Cast: Varun Dhawan, Yami gautam, Nawazuddin Siddiquie, Huma Qureshi
Director: Sriram Raghvan
Length: 2hrs and 15 minutes
Possibly Raghvan’s best work, “Badlapur” is an accomplished venture that starts off on a terrific note and ends with one. The film in between too hook you up, though not all is correct about the film.
The film is more about the two characters – the Hero and the villain rather than the inner turmoil of the hero. The film doesn’t take time to build the plot and goes with the kill from word go. Raghvan known to infuse enough drama and suspense in the plot, although that disappeared in his previous film “Agent Vinod, does the same here but perhaps with little more finesse. The plot moves along with twists and turns and the characters are nicely etched giving the raw deal of each player. The writing is extremely staunch and the film has brisk pace.
Although the flashback portions don’t really bring enough difference to the film’s screenplay and resulting in unexploited emotions, yet the writers win brownies for giving zany dimension to Nawazuddin’s character that gets to mouth some crackling dialogues. Or even Varun’s character that shows high levels of alterations as and when the story progresses. The film even though a revenge drama gives a nice angle to it by playing with the characters and keeping the suspense and thrill intact throughout.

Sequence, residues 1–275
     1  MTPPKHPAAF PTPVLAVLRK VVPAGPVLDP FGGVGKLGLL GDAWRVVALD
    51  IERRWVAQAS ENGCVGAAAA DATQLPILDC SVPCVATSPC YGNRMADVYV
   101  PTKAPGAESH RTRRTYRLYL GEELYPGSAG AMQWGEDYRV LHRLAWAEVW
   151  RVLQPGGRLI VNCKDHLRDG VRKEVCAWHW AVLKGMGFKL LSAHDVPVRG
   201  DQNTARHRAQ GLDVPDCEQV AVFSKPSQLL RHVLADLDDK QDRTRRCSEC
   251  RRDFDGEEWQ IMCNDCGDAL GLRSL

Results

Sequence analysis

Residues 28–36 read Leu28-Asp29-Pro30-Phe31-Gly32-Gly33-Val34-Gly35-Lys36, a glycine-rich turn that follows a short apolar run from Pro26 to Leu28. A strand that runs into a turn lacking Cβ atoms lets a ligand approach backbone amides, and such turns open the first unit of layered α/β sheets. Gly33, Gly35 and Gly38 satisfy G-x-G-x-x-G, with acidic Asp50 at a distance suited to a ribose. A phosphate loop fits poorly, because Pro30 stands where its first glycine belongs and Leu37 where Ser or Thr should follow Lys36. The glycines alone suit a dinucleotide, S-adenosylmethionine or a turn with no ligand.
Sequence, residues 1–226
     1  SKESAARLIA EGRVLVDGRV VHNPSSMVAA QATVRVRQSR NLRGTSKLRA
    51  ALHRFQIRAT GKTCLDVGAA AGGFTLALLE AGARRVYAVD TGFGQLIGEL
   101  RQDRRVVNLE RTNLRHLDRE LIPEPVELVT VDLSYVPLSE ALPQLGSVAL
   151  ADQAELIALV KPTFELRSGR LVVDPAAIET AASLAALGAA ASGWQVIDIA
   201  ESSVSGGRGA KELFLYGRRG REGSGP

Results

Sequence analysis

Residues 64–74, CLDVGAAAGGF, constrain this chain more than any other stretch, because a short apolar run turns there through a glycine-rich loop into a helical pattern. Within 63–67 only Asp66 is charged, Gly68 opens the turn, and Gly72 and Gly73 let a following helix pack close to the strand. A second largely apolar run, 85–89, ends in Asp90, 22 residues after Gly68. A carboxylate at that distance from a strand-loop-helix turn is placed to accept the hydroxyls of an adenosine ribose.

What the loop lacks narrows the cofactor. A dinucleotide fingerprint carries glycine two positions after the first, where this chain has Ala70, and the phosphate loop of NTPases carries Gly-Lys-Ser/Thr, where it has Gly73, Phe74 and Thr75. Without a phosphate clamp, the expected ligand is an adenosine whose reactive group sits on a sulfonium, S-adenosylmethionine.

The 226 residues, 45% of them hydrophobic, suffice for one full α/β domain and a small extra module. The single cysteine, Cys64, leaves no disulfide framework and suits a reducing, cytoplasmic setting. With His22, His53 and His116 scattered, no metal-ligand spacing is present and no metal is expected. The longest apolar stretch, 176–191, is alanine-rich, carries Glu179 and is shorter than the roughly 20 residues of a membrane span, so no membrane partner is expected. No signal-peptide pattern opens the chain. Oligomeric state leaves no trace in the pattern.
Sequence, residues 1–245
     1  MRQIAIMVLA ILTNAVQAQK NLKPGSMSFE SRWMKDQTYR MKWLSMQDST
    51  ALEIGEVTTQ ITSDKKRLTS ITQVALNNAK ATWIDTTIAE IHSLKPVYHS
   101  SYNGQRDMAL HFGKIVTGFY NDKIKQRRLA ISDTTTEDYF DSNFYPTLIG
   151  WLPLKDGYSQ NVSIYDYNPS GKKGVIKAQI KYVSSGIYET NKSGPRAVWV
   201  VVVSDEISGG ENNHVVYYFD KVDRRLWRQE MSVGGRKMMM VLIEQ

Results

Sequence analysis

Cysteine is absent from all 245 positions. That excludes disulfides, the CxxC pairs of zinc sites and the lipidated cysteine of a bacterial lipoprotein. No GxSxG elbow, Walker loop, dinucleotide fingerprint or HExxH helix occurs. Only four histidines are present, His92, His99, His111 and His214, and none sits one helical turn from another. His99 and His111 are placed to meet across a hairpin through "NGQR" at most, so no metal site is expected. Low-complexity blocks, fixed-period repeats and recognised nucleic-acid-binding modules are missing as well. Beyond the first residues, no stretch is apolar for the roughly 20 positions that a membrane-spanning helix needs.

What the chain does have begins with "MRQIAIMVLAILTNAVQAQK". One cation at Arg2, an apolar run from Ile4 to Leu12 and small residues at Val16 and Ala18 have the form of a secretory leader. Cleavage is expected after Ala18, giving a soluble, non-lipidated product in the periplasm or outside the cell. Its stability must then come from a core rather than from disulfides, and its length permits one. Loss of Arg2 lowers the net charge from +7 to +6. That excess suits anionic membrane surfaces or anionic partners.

But as mentioned that film does have some problems- there are several attempts to cut a nice emotional piece with flashbacks which hardly works and also pace at couple of places goes for toss.
The film enjoys sharp background score and the “jee Karda” in the background gives Goosebumps. And even “jeena jeena” is quite a nice song that gets its place at the right time. The film adequately benefits from Raghvan’s excellent execution who manages to keep the momentum high even when there’s silence. His wit blossoms in scenes where he uses subtle comical undertones especially reserved for Nawaaz in the scenes where Nawaaz displays childish flamboyance to his co-criminal in jail or be it the mouse-and-cat play in a movie theatre.
Varun Dhawan uses silence and aggression abundantly and never losing a mark. His character has too many angle – he is menacing, he is lovable, he is heroic, he is helpless and he is funny too, and Dhawan packs all into a performance that shows of what calibre he is. Nawaaz, easily in his career’s most juicy role enjoys hilarious dialogues and also has a character that has arc and is not your typical antagonist. The dependable Huma Qureshi does well whereas Vinay Pathak hardly has much to do. Rest all are fine in the bit roles.
BADLAPUR is gripping and intrusive drama that’s worth the price of a ticket. The film could’ve managed its setbacks and could’ve been outstanding, yet for whatever it is, it is still a must-watch. The climax is a major highpoint because it’s not really conventional and yet its entirely convincing which in itself leaves you on a good note.
Rating – 3.5/5Tags: Badlapur Huma Qureshi Member Reviews Nawazuddin Siddiqui Reviews Sriram Raghavan Varun Dhawan Yami Gautam